Eye-Tracking Technology and Dyslexia
Gazepoint provides affordable solutions for eye tracking and neuromarketing so you can determine where a user looks, how long they look at certain elements, and how their gaze travels over an image. From physical health to emotional responses, you can gain more detailed insights into your users so you can provide them with the information they want. Eye-tracking can assist with a better understanding of dyslexia, as well as identifying it earlier and providing appropriate treatment measures.
Dyslexia at a Glance
- Children with dyslexia are not more at risk of developing vision problems than children without dyslexia.
- Dyslexia is actually a language-based learning difference, not a problem with eyesight.
- While vision problems don’t cause dyslexia, they can co-occur in the same child.
- Children who have dyslexia and also have vision correction with glasses or contacts will still show signs of dyslexia.
Decoding Issues vs. Dyslexia
Some people believe that those who have dyslexia see letters backwards,jumbled in words, or floating on the page. The truth, however, is that these specific issues have more to do with children who struggle to decode words rather than children who are struggling with dyslexia. Our natural instinct is to focus on the middle of something first, such as a picture or a face. When children are taught to read and decode words, they are being taught skills that require them to go against this instinct. Additionally, children may also have a hard time distinguishing between letters that are mirror images of each other, such as p and q.
Challenges Posed by Dyslexia
Typically, children who are dyslexic struggle with three specific areas:
- Phonological awareness
- Rapid naming
- Semantic skills
Phonological awareness is the ability to recognize and utilize the sounds in spoken language. It is the foundation for learning how to read, and while some children will naturally adopt this skill, others must be taught. Preschool children develop phonological awareness as they identify rhyming words, count the number of syllables in a word, and also recognize which sounds repeat themselves in an alliterative statement.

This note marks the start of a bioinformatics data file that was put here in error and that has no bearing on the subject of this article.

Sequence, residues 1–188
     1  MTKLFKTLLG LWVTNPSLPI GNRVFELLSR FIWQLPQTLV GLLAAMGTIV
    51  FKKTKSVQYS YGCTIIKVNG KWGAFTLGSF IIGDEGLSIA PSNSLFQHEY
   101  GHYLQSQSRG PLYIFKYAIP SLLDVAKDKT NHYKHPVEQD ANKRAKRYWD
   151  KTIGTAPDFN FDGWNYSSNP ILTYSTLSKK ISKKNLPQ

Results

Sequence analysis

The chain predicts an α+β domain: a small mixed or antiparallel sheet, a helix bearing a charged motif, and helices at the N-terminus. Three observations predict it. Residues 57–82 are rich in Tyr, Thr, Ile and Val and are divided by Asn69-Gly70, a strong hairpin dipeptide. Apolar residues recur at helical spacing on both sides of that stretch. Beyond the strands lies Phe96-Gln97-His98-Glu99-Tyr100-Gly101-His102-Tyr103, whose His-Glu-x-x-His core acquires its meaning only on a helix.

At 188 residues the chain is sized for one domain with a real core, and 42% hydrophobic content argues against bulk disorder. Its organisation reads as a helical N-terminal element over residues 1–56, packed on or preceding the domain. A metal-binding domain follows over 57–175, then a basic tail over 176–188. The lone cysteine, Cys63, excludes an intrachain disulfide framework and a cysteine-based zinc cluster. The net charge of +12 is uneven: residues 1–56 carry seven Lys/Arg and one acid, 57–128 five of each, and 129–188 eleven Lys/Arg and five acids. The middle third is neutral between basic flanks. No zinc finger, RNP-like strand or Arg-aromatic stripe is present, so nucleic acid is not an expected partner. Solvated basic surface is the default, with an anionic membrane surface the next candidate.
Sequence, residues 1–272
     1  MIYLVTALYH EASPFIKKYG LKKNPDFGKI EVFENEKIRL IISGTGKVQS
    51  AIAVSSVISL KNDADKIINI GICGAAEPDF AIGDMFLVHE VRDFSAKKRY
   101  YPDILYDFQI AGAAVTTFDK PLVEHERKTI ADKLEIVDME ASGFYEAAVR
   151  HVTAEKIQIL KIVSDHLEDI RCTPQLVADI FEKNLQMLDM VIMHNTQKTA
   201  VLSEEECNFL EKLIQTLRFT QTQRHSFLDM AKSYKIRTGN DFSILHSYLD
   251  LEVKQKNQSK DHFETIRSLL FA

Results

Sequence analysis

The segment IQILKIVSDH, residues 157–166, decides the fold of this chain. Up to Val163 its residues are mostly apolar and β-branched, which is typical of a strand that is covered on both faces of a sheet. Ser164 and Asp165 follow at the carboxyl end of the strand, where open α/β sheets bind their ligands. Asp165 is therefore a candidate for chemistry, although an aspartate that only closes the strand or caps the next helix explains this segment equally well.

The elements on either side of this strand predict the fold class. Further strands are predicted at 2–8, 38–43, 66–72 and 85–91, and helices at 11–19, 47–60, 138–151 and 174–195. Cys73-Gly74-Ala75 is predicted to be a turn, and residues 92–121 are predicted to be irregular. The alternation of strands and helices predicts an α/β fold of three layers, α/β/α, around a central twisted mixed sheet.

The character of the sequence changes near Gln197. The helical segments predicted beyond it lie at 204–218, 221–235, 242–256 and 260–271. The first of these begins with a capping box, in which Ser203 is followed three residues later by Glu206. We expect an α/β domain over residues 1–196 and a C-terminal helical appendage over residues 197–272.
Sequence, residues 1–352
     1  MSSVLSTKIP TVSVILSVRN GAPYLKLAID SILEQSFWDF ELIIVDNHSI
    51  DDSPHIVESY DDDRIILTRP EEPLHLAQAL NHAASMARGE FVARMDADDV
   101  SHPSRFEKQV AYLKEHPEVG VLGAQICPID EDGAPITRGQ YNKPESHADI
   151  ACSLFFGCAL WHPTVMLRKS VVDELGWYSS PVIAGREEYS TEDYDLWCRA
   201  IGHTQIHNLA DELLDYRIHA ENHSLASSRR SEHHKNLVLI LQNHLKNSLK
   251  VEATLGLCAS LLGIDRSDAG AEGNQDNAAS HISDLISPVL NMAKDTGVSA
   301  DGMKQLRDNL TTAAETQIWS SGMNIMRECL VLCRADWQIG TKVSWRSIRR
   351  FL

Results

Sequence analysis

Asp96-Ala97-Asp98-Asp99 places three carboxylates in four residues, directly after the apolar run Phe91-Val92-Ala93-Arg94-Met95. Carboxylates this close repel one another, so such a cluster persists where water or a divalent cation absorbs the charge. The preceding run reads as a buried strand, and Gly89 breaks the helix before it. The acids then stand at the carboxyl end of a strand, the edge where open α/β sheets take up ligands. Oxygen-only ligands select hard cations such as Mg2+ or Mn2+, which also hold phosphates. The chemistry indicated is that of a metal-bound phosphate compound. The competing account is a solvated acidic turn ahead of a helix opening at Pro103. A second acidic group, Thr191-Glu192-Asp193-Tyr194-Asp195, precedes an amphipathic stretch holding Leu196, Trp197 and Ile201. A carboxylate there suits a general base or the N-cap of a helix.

Rapid naming is the ability to quickly and accurately name aloud a series of familiar items. The success with which a child can do this can indicate their future reading skills. Rapid automatized naming (RAN) is a particular test that is used in comprehensive reading evaluation of children. They can also assist with early identification of children who are at a higher risk for reading problems.
Semantics is the relationship between meaning and the different parts of spoken language. From words and phrases to narratives and signs, semantic skills enable the listener to fully understand what has been said. When a child lacks appropriate semantic skills, they may exhibit difficulty with following instructions, understanding questions, and following conversations.
Tracking is the ability of the eyes to move smoothly across a section of text. When a child’s eyes don’t track properly, then learning to read and developing emergent reading skills can be very difficult. Additionally, problems with tracking can slow the development of normal reading skills and make it a tiresome process.
Improve Eye Tracking
It is important to improve eye tracking, as this can assist dyslexic children who are learning to read. Eye tracking can gather data on a broader range of people who struggle with dyslexia, which in turn can assist with earlier identification in young children. Since eye tracking is non-invasive, affordable, and customizable, it presents a great opportunity to study and help those with dyslexia.
Learn more about eye-tracking software options and technology bundles with Gazepoint. Contact us today to place your order.